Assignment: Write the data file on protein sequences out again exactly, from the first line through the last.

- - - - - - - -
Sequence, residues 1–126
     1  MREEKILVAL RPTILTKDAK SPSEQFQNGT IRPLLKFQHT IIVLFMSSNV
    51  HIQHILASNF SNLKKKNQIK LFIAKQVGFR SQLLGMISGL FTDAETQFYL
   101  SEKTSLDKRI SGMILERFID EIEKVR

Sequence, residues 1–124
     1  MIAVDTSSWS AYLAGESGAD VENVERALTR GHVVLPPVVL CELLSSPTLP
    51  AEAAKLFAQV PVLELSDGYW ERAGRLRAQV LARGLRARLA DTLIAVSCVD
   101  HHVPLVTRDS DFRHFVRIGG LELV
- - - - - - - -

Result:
Sequence, residues 1–126
     1  MREEKILVAL RPTILTKDAK SPSEQFQNGT IRPLLKFQHT IIVLFMSSNV
    51  HIQHILASNF SNLKKKNQIK LFIAKQVGFR SQLLGMISGL FTDAETQFYL
   101  SEKTSLDKRI SGMILERFID EIEKVR

Sequence, residues 1–124
     1  MIAVDTSSWS AYLAGESGAD VENVERALTR GHVVLPPVVL CELLSSPTLP
    51  AEAAKLFAQV PVLELSDGYW ERAGRLRAQV LARGLRARLA DTLIAVSCVD
   101  HHVPLVTRDS DFRHFVRIGG LELV